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Thanks. Good idea, I'll definitely try a hill start with rear wheel blocking on my next ride, and hopefully be succesful and get some muscle memory on how to do it in an "emergency" situation. Thing is, it is now snowy and would be much easier to accomplish compared to higher-adherence summer ground. Let's say I still have some homework to do.

Would be much simpler to bump start than replacing this starter on the trail also. I'll still make some room and carry the cheap amazon spare starter

I don't understand how you can block your rear wheel and enter the gear without using your right hand in the video though
Our bikes start very easily rolling down a hill especially when the engine is still warm. A cold start is a little tougher. But I've tried a few times now, and it works very well. You do need a decently steep hill, you do need to be rolling fairly well in neutral in four-wheel drive you do not need diff lock. To be honest I couldn't really tell you the speed I just took a rough gas of when I thought I was moving quick enough I didn't really look at the speedometer. You don't need to squeeze any break or anything like that our bikes do not have a brake lock to shift You can simply shift from neutral straight into high gear the bike will take off and simply give it a little fuel to continue on It will go without fuel the engine brake will simply hold it You're already rolling and moving it's fine. Surprisingly the tires don't drag very much unless it's a very compacted trail with a lot of blue stuff on the surface. I'll try next weekend to take a video of it, we've got a fair amount of snow now so I'm not sure if I can find a trail that still has bare ground or at least something I can get a little bit of traction on.
 

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Never needed a spare starter and would never use the cheap crap from Amazon. I would buy a good used OEM one before that mess.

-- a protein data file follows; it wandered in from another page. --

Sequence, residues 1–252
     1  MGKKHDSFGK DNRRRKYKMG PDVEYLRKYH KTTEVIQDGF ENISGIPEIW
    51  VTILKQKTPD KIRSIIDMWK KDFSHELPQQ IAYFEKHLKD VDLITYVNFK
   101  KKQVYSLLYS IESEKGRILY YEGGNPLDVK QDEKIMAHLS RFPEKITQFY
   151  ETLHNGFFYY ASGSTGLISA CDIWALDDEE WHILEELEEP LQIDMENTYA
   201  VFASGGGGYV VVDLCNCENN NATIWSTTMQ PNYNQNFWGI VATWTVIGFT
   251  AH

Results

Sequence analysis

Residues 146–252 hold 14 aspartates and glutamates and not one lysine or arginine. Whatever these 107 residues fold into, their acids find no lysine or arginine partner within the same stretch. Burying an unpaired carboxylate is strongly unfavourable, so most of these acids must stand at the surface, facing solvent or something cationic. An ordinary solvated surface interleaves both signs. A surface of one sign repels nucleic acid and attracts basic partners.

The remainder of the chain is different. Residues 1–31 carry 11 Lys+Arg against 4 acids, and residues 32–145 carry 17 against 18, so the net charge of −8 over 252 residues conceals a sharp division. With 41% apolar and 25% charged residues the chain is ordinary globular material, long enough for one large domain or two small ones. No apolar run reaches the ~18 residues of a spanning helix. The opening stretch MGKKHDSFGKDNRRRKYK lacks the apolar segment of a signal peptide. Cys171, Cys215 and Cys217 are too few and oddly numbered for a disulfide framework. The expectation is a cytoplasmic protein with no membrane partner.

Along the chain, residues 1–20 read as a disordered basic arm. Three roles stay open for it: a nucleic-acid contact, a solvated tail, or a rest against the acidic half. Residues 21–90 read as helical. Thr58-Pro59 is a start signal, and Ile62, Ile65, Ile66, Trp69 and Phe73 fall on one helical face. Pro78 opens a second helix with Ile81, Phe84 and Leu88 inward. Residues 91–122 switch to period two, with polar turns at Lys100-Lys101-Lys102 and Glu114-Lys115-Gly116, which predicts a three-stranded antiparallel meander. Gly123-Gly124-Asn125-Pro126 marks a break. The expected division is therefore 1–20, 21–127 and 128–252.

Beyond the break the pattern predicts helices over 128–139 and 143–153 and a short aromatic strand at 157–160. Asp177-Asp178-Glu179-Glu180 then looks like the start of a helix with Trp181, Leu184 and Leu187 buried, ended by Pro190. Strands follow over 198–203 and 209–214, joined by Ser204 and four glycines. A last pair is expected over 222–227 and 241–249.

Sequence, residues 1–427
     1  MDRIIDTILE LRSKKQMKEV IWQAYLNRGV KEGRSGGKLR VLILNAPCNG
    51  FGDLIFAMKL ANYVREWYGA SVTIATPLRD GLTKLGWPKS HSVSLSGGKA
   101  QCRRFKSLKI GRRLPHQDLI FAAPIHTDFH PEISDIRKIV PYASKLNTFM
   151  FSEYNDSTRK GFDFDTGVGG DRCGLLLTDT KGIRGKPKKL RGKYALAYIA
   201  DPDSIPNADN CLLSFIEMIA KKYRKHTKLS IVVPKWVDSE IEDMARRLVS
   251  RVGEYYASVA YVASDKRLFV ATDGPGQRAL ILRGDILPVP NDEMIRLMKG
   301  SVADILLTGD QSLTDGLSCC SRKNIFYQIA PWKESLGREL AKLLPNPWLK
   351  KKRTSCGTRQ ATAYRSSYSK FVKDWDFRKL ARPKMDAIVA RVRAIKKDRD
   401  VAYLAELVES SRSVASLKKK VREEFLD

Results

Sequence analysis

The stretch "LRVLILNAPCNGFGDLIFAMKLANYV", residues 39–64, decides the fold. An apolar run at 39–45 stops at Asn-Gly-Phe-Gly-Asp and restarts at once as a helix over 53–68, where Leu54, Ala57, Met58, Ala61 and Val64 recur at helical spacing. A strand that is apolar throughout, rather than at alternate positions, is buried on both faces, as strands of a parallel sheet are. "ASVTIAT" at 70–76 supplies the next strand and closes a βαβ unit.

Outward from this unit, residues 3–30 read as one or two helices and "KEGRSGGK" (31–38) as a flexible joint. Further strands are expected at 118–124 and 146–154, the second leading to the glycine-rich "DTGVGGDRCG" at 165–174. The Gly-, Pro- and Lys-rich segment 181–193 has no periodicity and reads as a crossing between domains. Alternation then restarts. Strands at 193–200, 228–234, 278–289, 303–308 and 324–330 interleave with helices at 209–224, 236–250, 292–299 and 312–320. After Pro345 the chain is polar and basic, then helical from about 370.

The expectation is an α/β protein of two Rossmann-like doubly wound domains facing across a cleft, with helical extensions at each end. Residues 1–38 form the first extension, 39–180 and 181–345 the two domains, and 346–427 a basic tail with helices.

However starters are one of the least problematic things on these and most bikes.
So I don’t carry a spare starter. Less weight and really no need for it. Like others have said can be pull started in an emergency situation. I wouldn’t do that to my bevel gears either. I try not to ride alone very often so that’s when I get a tow back. I carry straps not extra parts..


That’s me tho, whatever helps you sleep good at night!!

Good luck!! HAPPY THANKSGIVING!!
 

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Never needed a spare starter and would never use the cheap crap from Amazon. I would buy a good used OEM one before that mess.
However starters are one of the least problematic things on these and most bikes.
So I don’t carry a spare starter. Less weight and really no need for it. Like others have said can be pull started in an emergency situation. I wouldn’t do that to my bevel gears either. I try not to ride alone very often so that’s when I get a tow back. I carry straps not extra parts..


That’s me tho, whatever helps you sleep good at night!!

Good luck!! HAPPY THANKSGIVING!!
Definitely use a cheap Amazon started before some used one that might have 10 or 10000 starts left. Plenty of bikes out there running on Amazon or eBay starters with no issues. Started are probably the single largest problem on these and other brand bikes in the last 3 or 4 years. Huge magnet debonding issue with many OEM starters across the ATV brands.
I don't see a reason to carry a starter with you, the amount of tools and the time it would take to tear down the plastics and crap just to get to it, it's not a trailside repair IMO.

Definitely try to ride with a buddy or group. I usually don't have anyone local to go with so I'm alone most of the time but I never venture much more than 20km from home, but I also do have the advantage that I'm usually riding on the back woods on mine property where I work and we are a 24/7 operation. Most of that area has weak cell service, not great but can atleast get a txt off if needed. I can contact one of the supervisors and have them send a labourer to pick me up at the nearest road. I can atleast get back home to get tools or a truck for repair or recovery.
 

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We rescued a snowmobiler 2 years ago, I was plowing a road to one of our gravel pits, and suddenly here this guy walking towards my loader in the middle of the night. I stopped to talk to him and he has broken down on another road, he has been walking for over 2 hours in knee deep snow. I told him to sit down on the side of the road and wait. I called in the radio and got one of our guys to come pick him up and take him to our shop to wait for a ride.
My foreman why one step further for this poor guy. Got me to break open that other road until I got to his sled. Only took me about 10 min to get there, I pulled his sled into my bucket and brought it back out to the main road where we loaded it in a pickup and took it to our shop. The guy was so thankful. He has no idea how he was going to get back out there to get his sled or try to fix it.